Bulk Richardson number

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The Bulk Richardson Number (BRN) is a dimensionless number in meteorology relating vertical stability and vertical shear (generally, stability divided by shear). It represents the ratio of thermally produced turbulence and turbulence generated by vertical shear.

Practically, its value determines whether convection is free or forced. High values indicate unstable and/or weakly sheared environments; low values indicate weak instability and/or strong vertical shear. Generally, values in the range of around 10 to 45 suggest environmental conditions favorable for supercell development. See also: Monin-Obukhov Length.

Formula[edit]

Below is the formula for the BRN.[1]


Ri = \frac{g\Delta \theta _{v}/\theta _{v}}{[(\Delta U)^2 + (\Delta V)^{2}]/\Delta Z}

Critical values and interpretation[edit]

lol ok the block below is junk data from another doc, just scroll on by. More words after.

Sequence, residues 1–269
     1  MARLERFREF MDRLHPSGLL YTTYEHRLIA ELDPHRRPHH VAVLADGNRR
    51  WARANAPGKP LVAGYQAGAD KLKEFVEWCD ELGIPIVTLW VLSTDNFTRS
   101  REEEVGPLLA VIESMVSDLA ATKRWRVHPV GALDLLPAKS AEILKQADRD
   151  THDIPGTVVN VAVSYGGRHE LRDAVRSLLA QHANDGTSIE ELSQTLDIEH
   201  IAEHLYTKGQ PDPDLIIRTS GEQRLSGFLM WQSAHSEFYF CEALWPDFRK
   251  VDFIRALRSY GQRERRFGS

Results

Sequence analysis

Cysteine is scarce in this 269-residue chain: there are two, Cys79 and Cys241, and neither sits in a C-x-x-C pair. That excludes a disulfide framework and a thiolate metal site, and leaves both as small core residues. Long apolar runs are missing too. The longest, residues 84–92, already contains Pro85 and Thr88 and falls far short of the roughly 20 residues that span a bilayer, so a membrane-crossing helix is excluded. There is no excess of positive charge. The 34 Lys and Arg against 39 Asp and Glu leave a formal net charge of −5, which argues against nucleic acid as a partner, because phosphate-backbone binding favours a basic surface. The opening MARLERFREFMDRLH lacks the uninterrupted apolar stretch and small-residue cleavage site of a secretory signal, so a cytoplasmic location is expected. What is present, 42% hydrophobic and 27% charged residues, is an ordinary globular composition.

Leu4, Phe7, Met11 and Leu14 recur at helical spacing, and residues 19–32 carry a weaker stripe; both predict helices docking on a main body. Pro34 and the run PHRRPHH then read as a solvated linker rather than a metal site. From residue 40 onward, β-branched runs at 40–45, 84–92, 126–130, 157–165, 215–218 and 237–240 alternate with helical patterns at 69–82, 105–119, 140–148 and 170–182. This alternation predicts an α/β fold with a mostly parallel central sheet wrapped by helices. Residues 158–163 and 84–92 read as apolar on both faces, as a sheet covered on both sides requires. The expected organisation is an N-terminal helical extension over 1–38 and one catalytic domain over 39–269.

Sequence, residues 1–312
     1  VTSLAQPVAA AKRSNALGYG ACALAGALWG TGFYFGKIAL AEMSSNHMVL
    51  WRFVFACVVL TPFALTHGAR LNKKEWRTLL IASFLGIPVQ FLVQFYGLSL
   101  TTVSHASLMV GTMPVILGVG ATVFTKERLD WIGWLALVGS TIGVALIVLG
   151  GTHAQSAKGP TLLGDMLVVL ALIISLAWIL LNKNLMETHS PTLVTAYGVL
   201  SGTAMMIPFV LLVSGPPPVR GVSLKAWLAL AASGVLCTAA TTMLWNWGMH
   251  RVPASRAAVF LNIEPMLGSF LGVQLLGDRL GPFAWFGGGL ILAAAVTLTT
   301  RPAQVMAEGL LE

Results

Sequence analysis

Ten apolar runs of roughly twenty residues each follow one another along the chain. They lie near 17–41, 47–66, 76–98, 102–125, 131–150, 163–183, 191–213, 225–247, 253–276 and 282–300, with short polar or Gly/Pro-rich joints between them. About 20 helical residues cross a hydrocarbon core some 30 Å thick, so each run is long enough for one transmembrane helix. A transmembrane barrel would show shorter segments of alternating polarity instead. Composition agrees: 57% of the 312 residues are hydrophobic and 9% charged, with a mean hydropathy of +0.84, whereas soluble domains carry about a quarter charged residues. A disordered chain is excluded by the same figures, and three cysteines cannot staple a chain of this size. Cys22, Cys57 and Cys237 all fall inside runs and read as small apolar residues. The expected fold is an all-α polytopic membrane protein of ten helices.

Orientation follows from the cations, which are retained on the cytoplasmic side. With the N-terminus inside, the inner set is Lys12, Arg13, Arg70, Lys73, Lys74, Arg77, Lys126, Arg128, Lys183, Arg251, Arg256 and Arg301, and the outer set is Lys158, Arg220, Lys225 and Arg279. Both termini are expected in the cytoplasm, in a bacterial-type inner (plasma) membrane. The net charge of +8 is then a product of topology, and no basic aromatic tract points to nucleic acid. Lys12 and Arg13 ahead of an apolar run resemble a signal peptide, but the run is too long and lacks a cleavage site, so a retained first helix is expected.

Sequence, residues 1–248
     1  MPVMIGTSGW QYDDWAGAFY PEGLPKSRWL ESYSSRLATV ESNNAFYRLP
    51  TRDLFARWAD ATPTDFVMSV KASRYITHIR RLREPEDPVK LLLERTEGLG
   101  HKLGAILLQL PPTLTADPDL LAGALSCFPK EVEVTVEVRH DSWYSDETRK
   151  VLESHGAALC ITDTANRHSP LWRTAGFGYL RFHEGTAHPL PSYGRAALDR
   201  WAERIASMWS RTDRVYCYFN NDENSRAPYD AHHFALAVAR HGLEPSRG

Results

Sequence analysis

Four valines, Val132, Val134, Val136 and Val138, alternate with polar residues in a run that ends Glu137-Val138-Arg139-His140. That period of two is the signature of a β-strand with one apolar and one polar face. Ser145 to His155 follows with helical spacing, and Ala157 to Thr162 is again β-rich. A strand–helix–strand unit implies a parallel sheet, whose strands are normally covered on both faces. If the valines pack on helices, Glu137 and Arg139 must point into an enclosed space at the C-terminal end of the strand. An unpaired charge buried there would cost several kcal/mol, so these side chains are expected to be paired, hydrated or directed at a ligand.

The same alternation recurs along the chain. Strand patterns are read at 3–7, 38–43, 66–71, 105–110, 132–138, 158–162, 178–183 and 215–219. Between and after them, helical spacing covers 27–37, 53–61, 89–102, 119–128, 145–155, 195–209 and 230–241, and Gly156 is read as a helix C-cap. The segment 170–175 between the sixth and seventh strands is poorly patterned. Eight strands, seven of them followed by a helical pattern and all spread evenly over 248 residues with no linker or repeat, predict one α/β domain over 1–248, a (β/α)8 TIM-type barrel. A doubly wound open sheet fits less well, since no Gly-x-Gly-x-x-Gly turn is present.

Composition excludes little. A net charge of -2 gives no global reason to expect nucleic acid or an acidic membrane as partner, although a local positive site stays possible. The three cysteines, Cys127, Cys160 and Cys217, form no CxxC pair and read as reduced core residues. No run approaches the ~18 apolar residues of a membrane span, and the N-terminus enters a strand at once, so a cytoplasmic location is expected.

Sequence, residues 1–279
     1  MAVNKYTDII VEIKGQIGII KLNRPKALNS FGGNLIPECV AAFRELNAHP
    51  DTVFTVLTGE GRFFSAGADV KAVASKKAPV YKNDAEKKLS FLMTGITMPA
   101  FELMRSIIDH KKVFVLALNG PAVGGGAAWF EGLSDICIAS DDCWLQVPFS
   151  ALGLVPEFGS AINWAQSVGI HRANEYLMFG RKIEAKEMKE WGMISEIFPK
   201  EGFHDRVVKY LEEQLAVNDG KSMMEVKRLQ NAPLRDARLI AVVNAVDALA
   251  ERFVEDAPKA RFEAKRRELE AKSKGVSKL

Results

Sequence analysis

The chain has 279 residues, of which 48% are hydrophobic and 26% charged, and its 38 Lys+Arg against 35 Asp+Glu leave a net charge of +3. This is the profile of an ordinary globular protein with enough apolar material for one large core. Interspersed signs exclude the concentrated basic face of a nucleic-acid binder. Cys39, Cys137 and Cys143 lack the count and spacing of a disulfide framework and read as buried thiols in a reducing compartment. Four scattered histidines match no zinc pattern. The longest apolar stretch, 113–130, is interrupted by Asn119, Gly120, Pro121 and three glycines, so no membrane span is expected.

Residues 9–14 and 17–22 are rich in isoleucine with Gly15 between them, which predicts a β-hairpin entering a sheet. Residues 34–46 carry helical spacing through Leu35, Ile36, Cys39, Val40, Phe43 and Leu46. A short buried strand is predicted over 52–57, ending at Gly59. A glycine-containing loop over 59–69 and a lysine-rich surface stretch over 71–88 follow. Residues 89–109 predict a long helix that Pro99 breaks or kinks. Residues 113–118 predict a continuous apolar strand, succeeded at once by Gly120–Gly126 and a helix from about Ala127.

There is no exact interpretation of BRN values but, in general, for a BRN less than 10, vertical shear dominates over buoyancy and the storm will likely be eviscerated by the shear. For BRN values between 10 and 45, the shear tends to balance the buoyancy favoring strong convective supercells. A BRN larger than 40 supports ordinary cell or multicell convective storms but due to updraft tilt stemming from the lack of shear, supercells are not likely to be observed.

Difficulties in interpretation[edit]

Different combinations of convective available potential energy (CAPE) and shear can lead to identical BRN values so the same BRN can represent a myriad of convective situations. Another source of difficulty in forecasting convective storm potential with BRN is that the BRN does not include important assessment parameters like wind direction or air moisture. Insignificant levels of CAPE and shear can also produce significant BRN so it is important that CAPE or the lifted index (LI) are used as a primary measure of atmospheric instability first. Since CAPE is difficult to compute by hand, a computer program is often used to calculate and report BRN given a vertical temperature profile.

References[edit]

  1. ^ Lackmann, Gary (2012). <Midlatitude Synoptic Meteorology: Dynamics, Analysis, & Forecasting>. 45 Beacon Street, Boston, Massachusetts 02108: American Meteorological Society. pp. 193–215. 978-1878220103. 

See also[edit]

External links[edit]